10516187365_61d79dffa0_nGuillermo Dorronsoro wondered in one of his recent tweets “if Fagor has to change or has to change the world”. The question is inspiring and also tempting. But I will not even fall into trying to assess or give advice on the situation of Fagor. I don’t feel like it, but neither do I have the information, much less the knowledge to say something minimally sensible. So I just trust that your people with a renewed spirit will be the ones who lead their own future. So cheer up everyone!

To change the world? I join, of course, but I bet fundamentally to start by changing what is ours. The world begins here, with us and our closest things, and if we are capable of transforming ourselves and changing this closest world, this will be our most practical and surely most valuable contribution. Fagor’s complicated situation has at least one positive derivative: It has served as a trigger for a collective catharsis that suddenly confronts us with the crude and serious crisis in which we are submerged; as if the 2,000 direct jobs that are at stake in this case would suddenly make us aware of the already more than 78,000 people who have lost their jobs in this crisis that does not end.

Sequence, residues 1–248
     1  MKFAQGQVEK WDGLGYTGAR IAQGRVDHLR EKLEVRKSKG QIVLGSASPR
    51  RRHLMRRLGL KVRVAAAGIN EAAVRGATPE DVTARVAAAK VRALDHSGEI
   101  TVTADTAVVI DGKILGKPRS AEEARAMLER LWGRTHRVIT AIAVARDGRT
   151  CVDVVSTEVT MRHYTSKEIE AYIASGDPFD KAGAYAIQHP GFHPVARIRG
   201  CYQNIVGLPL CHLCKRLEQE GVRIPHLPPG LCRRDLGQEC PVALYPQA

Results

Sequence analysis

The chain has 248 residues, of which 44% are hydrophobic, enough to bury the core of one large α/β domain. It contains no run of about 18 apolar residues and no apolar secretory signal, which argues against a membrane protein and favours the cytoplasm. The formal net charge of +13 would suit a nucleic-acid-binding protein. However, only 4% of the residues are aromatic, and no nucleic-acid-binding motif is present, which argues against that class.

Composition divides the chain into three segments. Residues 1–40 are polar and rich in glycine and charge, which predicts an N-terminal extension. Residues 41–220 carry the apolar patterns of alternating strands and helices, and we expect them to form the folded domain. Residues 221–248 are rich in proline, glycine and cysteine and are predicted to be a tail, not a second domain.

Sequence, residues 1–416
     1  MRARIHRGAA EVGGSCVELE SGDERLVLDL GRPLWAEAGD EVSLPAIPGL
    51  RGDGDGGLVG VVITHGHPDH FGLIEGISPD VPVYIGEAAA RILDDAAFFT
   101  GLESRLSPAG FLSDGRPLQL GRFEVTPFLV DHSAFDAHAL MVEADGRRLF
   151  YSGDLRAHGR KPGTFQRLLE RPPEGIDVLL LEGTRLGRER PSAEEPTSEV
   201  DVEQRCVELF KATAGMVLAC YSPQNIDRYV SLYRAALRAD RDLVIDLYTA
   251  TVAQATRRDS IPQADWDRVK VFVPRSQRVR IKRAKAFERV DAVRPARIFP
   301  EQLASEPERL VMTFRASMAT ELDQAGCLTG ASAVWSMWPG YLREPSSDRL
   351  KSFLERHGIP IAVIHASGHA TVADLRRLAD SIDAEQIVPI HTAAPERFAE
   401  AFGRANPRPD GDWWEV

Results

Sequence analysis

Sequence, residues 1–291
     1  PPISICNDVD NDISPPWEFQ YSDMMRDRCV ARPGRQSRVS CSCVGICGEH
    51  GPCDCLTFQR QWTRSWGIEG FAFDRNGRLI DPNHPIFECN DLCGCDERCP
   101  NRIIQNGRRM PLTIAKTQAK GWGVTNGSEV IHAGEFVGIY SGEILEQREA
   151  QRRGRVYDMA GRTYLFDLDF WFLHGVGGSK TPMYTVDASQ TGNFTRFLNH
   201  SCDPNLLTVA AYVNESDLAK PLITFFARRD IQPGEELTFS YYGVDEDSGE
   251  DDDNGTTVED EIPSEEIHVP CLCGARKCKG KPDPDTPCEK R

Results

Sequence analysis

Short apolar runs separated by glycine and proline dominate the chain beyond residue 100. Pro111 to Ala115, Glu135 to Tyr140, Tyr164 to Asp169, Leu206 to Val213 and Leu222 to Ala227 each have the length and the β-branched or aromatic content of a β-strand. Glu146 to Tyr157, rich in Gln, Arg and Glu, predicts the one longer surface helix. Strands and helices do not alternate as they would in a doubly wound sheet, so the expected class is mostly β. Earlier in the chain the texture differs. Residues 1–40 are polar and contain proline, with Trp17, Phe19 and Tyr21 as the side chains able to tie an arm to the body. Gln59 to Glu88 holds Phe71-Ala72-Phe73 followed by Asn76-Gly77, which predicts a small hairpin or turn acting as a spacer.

And the collective catharsis is good, because it reveals to us the serious structural problem that we are facing and of which Fagor is only the tip of the iceberg. We have a very labour-intensive productive fabric, which competes fundamentally in operational efficiency and which faces serious competitiveness problems in the medium and long term; At the slightest fluctuation in demand, we find that our companies lay off workers and these, from being an asset, quickly become an “unbearable expense” (A drop in GDP of 6.3 percentage points has caused a mouthful of 15.8 percentage points in the level of employment in the Basque Country).

And this is the structural problem that we have to urgently address, because when the financial crisis comes to an end (it seems that slight green shoots will appear again, which we hope do not dry up…), it will continue to be the “Achilles heel” that leads us to an unfortunate scenario of growing deindustrialization. Those who think I am an alarmist need only look back and analyze the industrial restructuring processes that, after the oil crisis, took place in the Basque Country.

So let’s not waste another minute, let’s unite all the forces of civil society, the business fabric, the science and technology system and, of course, the public administration and let’s get down to work on a true plan of shock for a great transformation of the productive fabric and let’s stop with so many band-aids…